Curriculum - Educational Issues

Following is an overview of current educational issues and the role of the National Entrepreneurship Content Standards.

Integration of the Standards into the curriculum, whether as subject-specific content or as context for a broader range of educational learning objectives, can help address many of the issues facing elementary, secondary, higher and adult education programs. Educators who can demonstrate the link between incorporating the Standards and achieving the goals identified by many of these issues will be more successful in implementing the Standards into their curriculum.

Standards-based education requires that instruction be based upon a clear and complete listing of the skills and knowledge the student should be able to demonstrate at the completion of the instructional program. The Standards provide this listing in the form of standards and performance indicators that should be used to develop curriculum appropriate for the learner and program. The Standards set out a commonality of content and performance for entrepreneurship education programs. For additional information about standards based education visit www.battelleforkids.org/bfk/rt/reform/sbr

Mastery of academics is the basis for life-long learning. The Standards can contribute to this mastery by providing the context for learning and applying academic skills and knowledge. Contextual learning theory states that learning takes place when students can process new information or knowledge in such as way that it makes sense to them in their own frame of reference. Students learn best when they can make the connection between what they are learning and how that knowledge will be used. Educators who use the Standards to define context for the teaching and learning of academic skills are using applications that are familiar to students of all ages. The result is improved achievement of all students, which is the focal point of education legislation in many states and the federal No Child Left Behind legislation. Learn more about mastery of academics and the federal legislation at www.ed.gov/nclb/landing.jhtml?src=pb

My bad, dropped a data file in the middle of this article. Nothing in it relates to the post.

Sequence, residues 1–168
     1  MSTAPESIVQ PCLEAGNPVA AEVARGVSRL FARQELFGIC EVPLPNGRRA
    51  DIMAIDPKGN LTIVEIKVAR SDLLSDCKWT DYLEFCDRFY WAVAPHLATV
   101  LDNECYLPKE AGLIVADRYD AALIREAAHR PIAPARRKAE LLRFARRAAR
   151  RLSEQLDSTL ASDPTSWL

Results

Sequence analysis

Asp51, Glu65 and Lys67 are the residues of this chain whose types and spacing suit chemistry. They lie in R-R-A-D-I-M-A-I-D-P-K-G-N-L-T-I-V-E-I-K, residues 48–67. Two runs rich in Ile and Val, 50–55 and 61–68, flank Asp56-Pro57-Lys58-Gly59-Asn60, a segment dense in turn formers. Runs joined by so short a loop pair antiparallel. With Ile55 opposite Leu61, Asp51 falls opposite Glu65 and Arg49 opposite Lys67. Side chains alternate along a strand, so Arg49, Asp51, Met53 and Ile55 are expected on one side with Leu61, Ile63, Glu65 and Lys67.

Performance-based Assessment requires that students apply the skills and knowledge they have gained in such a way as to demonstrate mastery. The Standards provide guidance for the design of many performance-based assessment activities, both as context for the application of academic skills and to demonstrate mastery of specific entrepreneurship standards and performance indicators. Whether it's communication arts in the writing and presenting of the business plan, mathematics in the analysis of the financial statement and projections, science in the development of prototype products, economics in the understanding of the effect of supply and demand on potential sales, or marketing and business skills required for success as an entrepreneur, these standards can be used to design performance-based assessments for a wide range of subjects and students at all levels. More about performance-based assessment can be found at www.ericfacilitynet/databases/ERIC Digests/ed410229.html